Immunology is all around

Immunology does not often whip the media into a frenzy. It doesn't always capture the public interest, and yet it is an integral part of so many biomedical disciplines. Today, on International Day of Immunology, we seek to highlight the importance and diversity of immunological research, and why it deserves to be front page news.

Forever young

Lucas_Cranach_(I)_-_Jungbrunnen_-_Gemäldegalerie_BerlinDid you know that one of the reasons women live longer is because their immune system degrades much more slowly than men’s? Well, neither did I until I read Katsuiku Hirokawa and colleagues’ findings in Immunity & Ageing. Another factor in healthy ageing is diet, and the Mediterranean diet and lifestyle have contributed to Sicily being a centenarian hotspot.

A side effect of people generally living longer now is that we are more often faced with age-associated diseases, such as Alzheimer’s disease. In fact, Federico Licastro and colleagues call Alzheimer’s ‘the 21st Century epidemic’ in their review of the viral infections that are associated with the disease.

The good, the bad and the inflamed

chillblainsOn the one hand, inflammation can be beneficial because it is designed to address and eliminate cell damage during injury or infection. On the other, inflammation can get out of hand and lead to immunological diseases such as hay fever, atherosclerosis, neural diseases, and even cancer.

Inflammation is a complex process and elucidating the mechanisms involved is key to treating and preventing disease. To this end, Jonathan Cherry and colleagues review neuroinflammation and M2 microglial polarization as a potential therapeutic option in Journal of Neuroinflammation, a journal that focuses on innate immunological responses of the nervous system. Similarly, Srabani Pal and colleagues look at the links between chronic inflammation and cancer in Journal of Inflammation.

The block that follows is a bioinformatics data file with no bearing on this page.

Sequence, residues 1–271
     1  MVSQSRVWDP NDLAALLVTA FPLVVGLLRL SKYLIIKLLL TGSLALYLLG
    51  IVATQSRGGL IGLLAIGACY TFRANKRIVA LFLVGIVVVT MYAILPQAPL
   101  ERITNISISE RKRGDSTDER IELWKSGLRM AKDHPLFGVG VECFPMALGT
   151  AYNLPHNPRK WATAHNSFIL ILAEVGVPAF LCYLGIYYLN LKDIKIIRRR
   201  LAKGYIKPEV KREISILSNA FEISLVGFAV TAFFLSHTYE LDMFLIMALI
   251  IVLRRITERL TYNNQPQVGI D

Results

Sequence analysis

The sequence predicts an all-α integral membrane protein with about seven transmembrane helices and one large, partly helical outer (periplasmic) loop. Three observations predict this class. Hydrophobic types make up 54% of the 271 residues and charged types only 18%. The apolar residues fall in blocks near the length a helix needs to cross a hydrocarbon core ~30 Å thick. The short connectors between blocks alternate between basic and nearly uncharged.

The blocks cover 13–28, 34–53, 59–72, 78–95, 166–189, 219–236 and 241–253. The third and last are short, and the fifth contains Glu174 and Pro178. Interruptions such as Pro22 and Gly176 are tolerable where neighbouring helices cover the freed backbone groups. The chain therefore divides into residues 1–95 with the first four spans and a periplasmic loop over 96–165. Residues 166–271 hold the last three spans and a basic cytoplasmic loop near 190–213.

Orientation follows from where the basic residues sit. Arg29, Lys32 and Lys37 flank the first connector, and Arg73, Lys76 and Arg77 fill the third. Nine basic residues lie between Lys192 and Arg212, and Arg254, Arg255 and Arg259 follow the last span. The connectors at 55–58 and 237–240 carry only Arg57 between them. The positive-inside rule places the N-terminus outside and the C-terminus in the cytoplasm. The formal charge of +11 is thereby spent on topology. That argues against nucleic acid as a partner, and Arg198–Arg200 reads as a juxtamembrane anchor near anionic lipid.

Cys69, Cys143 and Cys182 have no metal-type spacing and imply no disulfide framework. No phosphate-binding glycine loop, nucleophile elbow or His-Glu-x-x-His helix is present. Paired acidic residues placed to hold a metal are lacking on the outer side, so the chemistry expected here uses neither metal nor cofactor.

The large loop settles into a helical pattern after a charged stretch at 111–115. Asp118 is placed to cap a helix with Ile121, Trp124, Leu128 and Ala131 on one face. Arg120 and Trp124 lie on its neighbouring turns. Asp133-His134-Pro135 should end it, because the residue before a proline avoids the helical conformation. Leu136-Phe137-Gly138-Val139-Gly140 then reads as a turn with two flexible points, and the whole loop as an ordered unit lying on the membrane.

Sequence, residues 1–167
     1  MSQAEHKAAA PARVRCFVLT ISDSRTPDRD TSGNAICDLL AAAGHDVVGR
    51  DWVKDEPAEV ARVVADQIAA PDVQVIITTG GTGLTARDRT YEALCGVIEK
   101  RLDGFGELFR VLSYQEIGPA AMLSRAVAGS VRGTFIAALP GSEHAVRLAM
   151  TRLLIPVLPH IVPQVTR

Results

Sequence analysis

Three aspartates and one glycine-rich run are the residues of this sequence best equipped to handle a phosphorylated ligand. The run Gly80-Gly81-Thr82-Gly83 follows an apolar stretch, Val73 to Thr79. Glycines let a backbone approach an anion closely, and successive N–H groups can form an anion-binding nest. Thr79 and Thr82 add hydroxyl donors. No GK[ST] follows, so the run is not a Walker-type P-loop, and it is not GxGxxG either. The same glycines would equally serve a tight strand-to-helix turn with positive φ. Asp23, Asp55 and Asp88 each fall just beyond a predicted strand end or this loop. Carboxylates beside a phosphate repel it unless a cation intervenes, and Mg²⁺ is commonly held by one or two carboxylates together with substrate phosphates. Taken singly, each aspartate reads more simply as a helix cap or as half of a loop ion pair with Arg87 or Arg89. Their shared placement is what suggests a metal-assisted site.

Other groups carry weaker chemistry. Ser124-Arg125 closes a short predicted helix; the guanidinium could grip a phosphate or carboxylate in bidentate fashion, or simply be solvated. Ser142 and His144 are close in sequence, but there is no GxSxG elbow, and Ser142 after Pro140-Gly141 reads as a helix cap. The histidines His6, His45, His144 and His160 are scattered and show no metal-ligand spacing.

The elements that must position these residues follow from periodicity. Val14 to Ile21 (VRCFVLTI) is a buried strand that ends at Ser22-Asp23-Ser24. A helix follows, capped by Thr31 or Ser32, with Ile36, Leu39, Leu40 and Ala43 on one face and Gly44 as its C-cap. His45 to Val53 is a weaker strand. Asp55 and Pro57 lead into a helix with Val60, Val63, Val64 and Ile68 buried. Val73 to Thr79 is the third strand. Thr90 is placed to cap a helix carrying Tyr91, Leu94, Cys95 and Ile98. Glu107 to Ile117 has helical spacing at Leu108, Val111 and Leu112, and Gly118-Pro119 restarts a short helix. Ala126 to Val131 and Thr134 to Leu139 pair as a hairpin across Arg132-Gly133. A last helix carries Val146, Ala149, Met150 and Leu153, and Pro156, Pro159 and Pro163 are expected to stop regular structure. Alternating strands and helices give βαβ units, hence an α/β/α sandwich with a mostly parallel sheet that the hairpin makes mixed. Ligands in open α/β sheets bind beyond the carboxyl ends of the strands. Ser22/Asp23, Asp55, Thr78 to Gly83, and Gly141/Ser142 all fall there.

The impact of modern living

800px-Good_Food_Display_-_NCI_Visuals_OnlineAs our quality of living and ability to overcome infectious diseases grows, so does the prominence of hypersensitivities, including allergies and autoimmune diseases.

For example, food intolerance and allergies are on the rise and numerous studies are underway to find ways to treat them. Merras-Salmio and colleagues show in Clinical and Translational Allergy that there are still low levels of inflammation to be found in the gut of lactose intolerant children, even after milk has been removed from the diet. This implies that simply removing a food from the diet does not eliminate the effects of intolerance.

In Allergy, Asthma and Clinical Immunology, the official journal of the Canadian Society of Allergy and Clinical Immunology, Philippe Bégin and colleagues convey the successful results of a phase 1 oral immunotherapy study of omalizumab, a humanized antibody, to treat people with multiple food allergies.

Not afraid to ask the important questions

20_questions_1954The immune system’s primary role is to fight infection, and while we have come far in tackling infectious diseases – antimicrobials playing a major part –  there is a long way to go. Olivier Garraud and James Li, Section Editors of broad scope journal BMC Immunology, examine the current questions and challenges in infection and immunity research in a new series of reviews.

Antibiotics have given us the opportunity to overcome many infectious diseases that used to plague humanity and animals alike, but we are entering a world where we may not be able to rely on them for much longer. Will infectious agents become kings once again? Jean Carlet, in his commentary for Antimicrobial Resistance and Infection Control,  asks the rather ominous question: are we ready for a world without antibiotics?


Have we whetted your appetite for immunology? If so, you may be interested in a few recent immunological research highlights in our
Day of Immunology 2015 article collection.

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